What will be the future of Microsoft’s Windows Phone

What will be the future of Microsoft’s Windows Phone

Microsoft earlier today announced a major restructure of its phone hardware business and revealed a $7.6 billion write off of Nokia’s acquisition. This has saddened many Windows Phone fans that were looking forward to experience Windows 10, which is expected to bring PC-like experience to smartphones and tablets. Analysts already predicted a bright future of Windows Phone but the new news has changed many minds. A question may arise at this moment that what will exactly be the future of Microsoft’s Windows Phone. We are here trying to answer this in a simple manner.

In the tough competition between Android and iOS, Microsoft has its Windows Phone to survive and to provide a completely different mobile experience. The platform was once the first smartphone operating system, but even after the $7.2 billion acquisition of Nokia’s Devices and Services business in 2013, it didn’t result any success. Companies like HTC and Samsung, which all got huge success with Windows Phone in the early stages of smartphone development, are now fully engaged in developing devices based on Google’s Android. In the same sense, app developers are quite interested to choose Android or iOS as their platform for success in the market.

Windows 10

Windows 10 on Lumia smartphones

All this shows the dark side of Microsoft’s Windows Phone. But from the company’s perspective, as CEO Satya Nadella wrote in an email to employees on early Wednesday, the Windows platform and devices business as a whole “will spark innovation, create new categories and generate opportunity for the Windows ecosystem more broadly” in the long term.

Microsoft appears to be in a stage to split Windows ecosystem with Windows Phone hardware, somewhere similar to what Jolla is planning to expand its Sailfish OS platform. This means that the company will limit the development of Windows Phone devices, but will still offer new innovations on the platform to enhance its presence.

“We are moving from a strategy to grow a standalone phone business to a strategy to grow and create a vibrant Windows ecosystem that includes our first-party device family,” Nadella notes in the email.

Last month, Microsoft stacked former Nokia head Stephen Elop that it appointed before the acquisition of Nokia’s devices business. That announcement itself confirmed the company’s new strategy.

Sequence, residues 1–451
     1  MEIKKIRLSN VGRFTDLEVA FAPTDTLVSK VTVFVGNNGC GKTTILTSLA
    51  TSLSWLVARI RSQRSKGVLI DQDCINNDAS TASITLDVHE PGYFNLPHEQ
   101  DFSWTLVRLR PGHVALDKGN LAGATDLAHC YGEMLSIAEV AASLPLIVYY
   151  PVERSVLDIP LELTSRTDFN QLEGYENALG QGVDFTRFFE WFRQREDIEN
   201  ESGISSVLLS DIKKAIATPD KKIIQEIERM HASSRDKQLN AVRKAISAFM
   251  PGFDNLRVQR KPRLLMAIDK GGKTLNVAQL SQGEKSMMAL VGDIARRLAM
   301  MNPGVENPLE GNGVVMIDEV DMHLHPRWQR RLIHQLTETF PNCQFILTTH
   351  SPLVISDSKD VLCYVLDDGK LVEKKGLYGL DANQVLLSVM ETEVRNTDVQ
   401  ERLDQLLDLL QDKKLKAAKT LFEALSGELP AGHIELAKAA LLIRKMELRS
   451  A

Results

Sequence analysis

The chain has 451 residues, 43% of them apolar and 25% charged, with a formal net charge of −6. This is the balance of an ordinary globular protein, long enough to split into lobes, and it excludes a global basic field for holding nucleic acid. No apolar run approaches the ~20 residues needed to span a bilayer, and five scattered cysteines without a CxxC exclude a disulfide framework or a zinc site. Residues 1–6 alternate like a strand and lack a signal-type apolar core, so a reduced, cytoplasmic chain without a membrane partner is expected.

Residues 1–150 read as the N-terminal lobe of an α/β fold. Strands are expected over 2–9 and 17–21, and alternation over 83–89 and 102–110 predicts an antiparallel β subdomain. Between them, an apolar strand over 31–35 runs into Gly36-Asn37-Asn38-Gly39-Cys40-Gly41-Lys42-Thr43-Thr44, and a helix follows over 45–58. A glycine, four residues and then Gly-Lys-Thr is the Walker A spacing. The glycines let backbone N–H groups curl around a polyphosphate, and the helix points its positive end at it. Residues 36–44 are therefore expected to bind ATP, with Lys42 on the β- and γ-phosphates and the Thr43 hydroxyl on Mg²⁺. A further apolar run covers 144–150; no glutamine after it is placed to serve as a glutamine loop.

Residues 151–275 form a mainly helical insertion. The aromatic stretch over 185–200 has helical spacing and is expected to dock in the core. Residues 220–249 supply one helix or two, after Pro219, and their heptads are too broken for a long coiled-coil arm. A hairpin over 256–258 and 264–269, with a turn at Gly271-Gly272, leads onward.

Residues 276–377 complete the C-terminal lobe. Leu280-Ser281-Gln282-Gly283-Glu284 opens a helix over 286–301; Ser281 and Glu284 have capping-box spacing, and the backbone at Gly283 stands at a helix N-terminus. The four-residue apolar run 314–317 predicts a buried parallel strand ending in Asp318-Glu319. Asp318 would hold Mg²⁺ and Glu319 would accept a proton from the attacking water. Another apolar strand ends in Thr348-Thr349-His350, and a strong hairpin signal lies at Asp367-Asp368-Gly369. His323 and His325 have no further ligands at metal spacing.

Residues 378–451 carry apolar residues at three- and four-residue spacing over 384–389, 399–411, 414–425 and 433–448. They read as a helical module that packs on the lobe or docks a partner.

As Nadella mentions, Microsoft will make hardware using Nokia’s resources but only in the form of a handful of “first-party devices”. These devices could help the company to promote its Windows operating system in the future smartphone market. But none of the devices are expected to be designed for the entry-level smartphone segment. All these will likely be marketed as flagship offerings, just as the one which recently surfaced online with a QHD display.

Microsoft Lumia 430 Dual SIM

Microsoft’s most cheapest Windows Phone smartphone – Lumia 430 Dual SIM

Apart from making new hardware, Nadella hints in the email that the software giant would stick to the development of Windows operating system. It is also suggested to create new enterprise features to take a step into the emerging market of Bring-Your-Own-Device (BYOD) where companies like Apple, BlackBerry, Google and Samsung already stepped in to gain the first mover advantage.

Microsoft, for mass consumers, would bring new “communications services” using its Skype and Cortana. These services are likely to give a tough competition to instant messaging apps like Facebook Messenger, WhatsApp, Google Hangout and Apple iMessage.

It is still unclear whether Microsoft will integrate these new services within Windows 10 Mobile, which will be released as the mobile version of Windows 10 later this year. But of course, all these services are expected to be provided on Windows Phone devices to give them an edge over the devices running on Android and iOS.

Microsoft’s Windows team is additionally in development to make Windows 10 a close rival to Android and iOS by providing an easy app porting support. This could help the upcoming Windows platform to gain a positive response from developer community. Moreover, the new support could finally give a reason to users to switch to Windows 10 Mobile, if it will be supported on the mobile platform as well.

However, it is yet to be tested by mass developers and would not be as easy as described by the team at the Build developer conference earlier this year.

That being said, Windows Phone is not likely to leave the smartphone world sometime in the near future. Though hardware-wise Android and iOS would get more coverage, Microsoft’s old platform may get a new face very soon to grab some attention of consumers as well as hardware manufacturers. But still, it is hard to presume its success.

Categories: Analysis